There were no doubt others. Alongside this work the agency secured contracts as London correspondents for a series of overseas newspapers. These relationships brought them further work as London agents of overseas interests – often those of newspaper proprietors and their friends. A similar relationship with his news editor at the Daily Mail, Alfred Harmsworth, the future Lord Northcliffe, gave Watney the business idea that led the firm to offer lobbying services.
The First World War saw demand for the firm’s services collapse as war news crowded out parliamentary news, and statutory rules and orders crowded out parliamentary bills. The business relationship between Watney and his junior partner Little did not survive the wartime change in the firm’s fortunes. After the war ended, he relaunched the firm now under his sole control. While continuing his work as a London correspondent, Watney dropped general public relations in favour of the more specialised realm of parliamentary and public affairs.
The firm offered its services as parliamentary secretaries or agents to trade unions like the Civil Service Confederation and trade associations like the Theatrical Managers Association, and as private secretaries to Westminster politicians including Conservative MPs, Sir Leonard Lyle (1882-1954) and Walter de Frece (1870-1935). Watney’s clients were almost all Conservative Party politicians or part of a wider partisan network that Watney had been part of since his formative days as a journalist on the Birmingham Daily Post in the late 1880s.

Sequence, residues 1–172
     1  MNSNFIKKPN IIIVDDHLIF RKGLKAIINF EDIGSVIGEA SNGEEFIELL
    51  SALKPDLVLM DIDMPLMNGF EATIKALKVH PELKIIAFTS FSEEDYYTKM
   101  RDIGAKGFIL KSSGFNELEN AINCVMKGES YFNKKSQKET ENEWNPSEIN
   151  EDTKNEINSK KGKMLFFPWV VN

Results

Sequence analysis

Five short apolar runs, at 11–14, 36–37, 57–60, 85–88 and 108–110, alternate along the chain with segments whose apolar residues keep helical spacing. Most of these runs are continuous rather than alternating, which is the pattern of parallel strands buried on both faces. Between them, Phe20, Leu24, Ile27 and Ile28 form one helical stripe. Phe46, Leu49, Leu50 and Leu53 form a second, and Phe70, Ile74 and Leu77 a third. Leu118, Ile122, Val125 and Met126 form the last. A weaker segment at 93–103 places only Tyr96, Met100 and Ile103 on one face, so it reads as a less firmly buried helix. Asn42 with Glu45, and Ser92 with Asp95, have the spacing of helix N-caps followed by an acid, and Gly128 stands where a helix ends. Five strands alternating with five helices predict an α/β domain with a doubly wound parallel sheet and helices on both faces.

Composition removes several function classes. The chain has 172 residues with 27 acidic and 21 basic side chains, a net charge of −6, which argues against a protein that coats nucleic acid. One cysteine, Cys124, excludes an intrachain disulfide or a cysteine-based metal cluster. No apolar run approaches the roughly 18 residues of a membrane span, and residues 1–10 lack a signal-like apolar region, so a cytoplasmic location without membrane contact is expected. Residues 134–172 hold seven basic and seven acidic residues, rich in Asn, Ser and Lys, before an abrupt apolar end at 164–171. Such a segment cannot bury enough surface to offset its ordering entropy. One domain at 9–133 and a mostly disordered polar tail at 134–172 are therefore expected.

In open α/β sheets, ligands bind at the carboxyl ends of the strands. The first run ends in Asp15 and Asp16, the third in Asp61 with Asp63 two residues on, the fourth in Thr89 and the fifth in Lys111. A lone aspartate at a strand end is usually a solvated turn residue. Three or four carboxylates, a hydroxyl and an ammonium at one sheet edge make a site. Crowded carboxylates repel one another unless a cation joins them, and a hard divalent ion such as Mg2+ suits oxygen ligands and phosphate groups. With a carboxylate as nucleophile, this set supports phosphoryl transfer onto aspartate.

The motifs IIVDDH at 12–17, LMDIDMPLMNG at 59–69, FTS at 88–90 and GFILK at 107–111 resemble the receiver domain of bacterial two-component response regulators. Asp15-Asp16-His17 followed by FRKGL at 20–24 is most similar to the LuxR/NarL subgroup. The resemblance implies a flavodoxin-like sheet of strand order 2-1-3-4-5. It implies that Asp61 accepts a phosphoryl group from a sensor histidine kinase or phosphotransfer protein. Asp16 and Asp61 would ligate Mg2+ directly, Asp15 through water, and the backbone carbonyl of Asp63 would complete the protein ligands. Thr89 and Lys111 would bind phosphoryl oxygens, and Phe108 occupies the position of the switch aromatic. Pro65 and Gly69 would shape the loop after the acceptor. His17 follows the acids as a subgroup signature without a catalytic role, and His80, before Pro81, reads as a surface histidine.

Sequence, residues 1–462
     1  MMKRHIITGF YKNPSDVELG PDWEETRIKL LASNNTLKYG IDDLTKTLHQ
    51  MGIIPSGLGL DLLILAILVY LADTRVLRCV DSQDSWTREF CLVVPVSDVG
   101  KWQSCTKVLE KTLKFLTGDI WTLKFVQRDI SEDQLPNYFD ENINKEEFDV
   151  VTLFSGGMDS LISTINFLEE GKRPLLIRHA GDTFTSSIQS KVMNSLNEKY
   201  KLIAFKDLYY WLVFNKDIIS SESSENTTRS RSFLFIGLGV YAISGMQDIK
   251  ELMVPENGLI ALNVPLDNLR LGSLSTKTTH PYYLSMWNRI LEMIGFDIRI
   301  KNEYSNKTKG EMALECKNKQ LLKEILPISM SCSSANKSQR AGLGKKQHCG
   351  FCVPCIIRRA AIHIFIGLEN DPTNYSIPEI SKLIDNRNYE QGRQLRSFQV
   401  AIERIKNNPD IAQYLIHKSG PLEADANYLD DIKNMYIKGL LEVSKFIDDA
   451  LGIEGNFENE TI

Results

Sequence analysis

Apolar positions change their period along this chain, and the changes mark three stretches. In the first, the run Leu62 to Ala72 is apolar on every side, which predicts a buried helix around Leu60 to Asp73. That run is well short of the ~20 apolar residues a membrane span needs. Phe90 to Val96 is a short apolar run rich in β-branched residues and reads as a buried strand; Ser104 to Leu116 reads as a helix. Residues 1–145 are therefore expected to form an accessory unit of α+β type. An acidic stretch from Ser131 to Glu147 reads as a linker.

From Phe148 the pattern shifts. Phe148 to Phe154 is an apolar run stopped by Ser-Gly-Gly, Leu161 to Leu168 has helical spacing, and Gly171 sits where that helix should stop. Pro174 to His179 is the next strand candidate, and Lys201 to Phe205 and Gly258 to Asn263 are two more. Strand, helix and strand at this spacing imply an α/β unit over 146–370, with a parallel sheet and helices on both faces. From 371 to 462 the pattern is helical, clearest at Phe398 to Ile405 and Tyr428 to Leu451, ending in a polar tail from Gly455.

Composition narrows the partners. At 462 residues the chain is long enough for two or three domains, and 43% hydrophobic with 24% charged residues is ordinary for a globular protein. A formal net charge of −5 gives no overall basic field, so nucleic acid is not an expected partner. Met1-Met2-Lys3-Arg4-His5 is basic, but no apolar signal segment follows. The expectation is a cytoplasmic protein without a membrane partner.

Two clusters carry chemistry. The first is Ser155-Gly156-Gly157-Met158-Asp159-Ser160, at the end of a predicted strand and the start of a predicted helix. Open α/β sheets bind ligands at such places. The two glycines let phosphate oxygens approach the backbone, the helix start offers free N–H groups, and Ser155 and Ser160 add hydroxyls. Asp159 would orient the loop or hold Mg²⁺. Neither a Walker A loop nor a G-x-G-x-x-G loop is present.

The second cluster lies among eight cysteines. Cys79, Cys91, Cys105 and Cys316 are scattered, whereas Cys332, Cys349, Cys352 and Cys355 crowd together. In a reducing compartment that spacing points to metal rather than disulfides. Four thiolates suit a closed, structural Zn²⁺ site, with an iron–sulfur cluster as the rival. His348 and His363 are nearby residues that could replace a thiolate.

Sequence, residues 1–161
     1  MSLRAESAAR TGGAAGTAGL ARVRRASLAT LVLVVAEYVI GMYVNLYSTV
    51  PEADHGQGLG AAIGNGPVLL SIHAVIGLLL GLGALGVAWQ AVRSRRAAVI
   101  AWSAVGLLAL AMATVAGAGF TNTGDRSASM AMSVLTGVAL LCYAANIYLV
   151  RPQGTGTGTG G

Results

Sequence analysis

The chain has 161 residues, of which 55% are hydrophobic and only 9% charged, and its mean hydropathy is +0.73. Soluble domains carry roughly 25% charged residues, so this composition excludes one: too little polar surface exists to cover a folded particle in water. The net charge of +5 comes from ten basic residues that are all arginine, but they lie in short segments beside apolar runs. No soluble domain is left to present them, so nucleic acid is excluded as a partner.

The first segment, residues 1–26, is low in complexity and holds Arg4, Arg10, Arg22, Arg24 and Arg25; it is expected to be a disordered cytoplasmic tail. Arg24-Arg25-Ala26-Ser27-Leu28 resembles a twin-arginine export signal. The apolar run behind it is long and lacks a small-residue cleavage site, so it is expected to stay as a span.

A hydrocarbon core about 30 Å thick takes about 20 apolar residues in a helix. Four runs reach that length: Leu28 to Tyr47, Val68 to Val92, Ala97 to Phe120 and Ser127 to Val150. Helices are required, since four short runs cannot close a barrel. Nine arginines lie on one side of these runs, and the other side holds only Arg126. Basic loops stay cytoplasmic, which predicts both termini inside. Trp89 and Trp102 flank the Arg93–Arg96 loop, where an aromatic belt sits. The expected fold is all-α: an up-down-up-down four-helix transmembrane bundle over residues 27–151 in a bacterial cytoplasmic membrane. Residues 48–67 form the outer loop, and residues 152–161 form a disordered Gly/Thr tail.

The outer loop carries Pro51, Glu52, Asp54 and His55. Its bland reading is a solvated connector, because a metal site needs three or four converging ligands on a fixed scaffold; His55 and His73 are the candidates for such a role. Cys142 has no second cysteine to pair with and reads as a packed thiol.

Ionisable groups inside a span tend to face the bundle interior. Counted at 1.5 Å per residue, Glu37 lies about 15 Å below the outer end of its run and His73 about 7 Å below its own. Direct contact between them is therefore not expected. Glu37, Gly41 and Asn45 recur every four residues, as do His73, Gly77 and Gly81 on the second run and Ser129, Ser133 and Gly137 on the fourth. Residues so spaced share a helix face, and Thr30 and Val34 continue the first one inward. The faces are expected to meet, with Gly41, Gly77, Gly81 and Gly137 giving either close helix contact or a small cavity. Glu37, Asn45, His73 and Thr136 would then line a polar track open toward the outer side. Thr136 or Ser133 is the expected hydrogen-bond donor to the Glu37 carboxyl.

The secretarial work for MPs and peers is vital in explaining the firm’s rapid growth during the 1920s and 1930s. This gave Watney and his staff access to the Palace of Westminster, which was central to their lobbying business. It also gave Watney the ability to advance his outside clients’ interests within Parliament.
Watney’s inside clients also brought him work as they asked Watney to help them advance their political agendas and business ventures. For example, the firm’s secretarial work for Lyle led to Watney’s agency for the sugar refiners Tate & Lyle which continued into the 1950s. The firm’s involvement with theatre, cinema and wireless was a result of Watney’s work for Frece and fellow Conservative MP, Sir William Bull (1863-1931). Bull also introduced the firm to the Channel Tunnel Company whose interests it represented on and off from 1929 to the 1980s.
Struggling to manage a large staff and growing caseload, Watney advertised for a new partner in 1929 after a short-lived and unsuccessful experiment in bipartisanship with trade unionist and Labour activist Hugh E.G. Shayler (1885-1973). This was the advert that Watney’s third and final business partner Christopher C. Powell (1903-1989) responded to. A year later Watney’s became Watney & Powell. The name would outlive Powell, who died in 1989, when its latest owners Charles Barker dissolved the firm in 1993.
Powell’s longevity and the loyalty he inspired in his staff ensured that Watney’s pioneering role has long been overlooked. As my paper for the Parliaments, Politics and People seminar demonstrates, thanks to the rediscovery of his unpublished memoirs, online digital archives and family history databases, it is now possible to recover Watney’s pioneering career and re-examine what we know about the operation of interest-group politics, and the UK lobbying industry in particular, between 1911 and 1945.
To find out more, Mark’s full-length paper ‘The Politics of Business and the Business of Politics: Messrs Watney and Powell and the Emergence of the Consultant Lobbyist in Britain, 1911-1993’ is available here. Mark will be taking questions about his research between 5.15 p.m. and 6.30 p.m. on Tuesday 25 January 2022.
To register for this virtual seminar, please follow this link and click on ‘Book now’. If you cannot attend this session but wish to submit a question to Mark, please send it to email@example.com.